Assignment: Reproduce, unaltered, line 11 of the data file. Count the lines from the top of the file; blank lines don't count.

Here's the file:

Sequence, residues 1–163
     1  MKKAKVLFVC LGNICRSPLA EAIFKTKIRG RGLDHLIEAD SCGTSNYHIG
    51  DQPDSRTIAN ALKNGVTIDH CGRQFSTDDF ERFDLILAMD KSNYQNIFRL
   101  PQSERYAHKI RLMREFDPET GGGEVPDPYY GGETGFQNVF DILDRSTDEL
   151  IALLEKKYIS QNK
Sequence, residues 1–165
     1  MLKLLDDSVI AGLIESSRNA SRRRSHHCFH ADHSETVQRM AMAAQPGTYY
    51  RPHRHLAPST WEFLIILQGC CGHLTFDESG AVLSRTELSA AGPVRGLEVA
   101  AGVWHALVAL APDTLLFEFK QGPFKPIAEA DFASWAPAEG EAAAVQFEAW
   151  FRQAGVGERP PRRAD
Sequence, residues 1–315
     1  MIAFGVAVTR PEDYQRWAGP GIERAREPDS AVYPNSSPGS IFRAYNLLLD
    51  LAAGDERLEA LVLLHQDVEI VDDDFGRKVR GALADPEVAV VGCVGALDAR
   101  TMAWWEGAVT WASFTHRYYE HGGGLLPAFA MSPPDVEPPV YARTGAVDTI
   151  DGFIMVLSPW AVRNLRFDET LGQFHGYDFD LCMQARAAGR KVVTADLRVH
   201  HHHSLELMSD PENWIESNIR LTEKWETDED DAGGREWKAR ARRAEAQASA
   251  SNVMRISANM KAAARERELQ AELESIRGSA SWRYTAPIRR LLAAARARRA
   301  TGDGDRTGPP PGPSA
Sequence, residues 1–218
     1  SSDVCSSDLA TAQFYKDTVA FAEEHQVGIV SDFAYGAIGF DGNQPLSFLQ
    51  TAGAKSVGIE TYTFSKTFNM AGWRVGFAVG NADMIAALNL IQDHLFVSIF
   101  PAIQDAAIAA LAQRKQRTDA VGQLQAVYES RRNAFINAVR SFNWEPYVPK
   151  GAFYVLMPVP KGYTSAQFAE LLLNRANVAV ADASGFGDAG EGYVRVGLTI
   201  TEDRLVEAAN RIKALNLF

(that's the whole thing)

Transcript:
Sequence, residues 1–315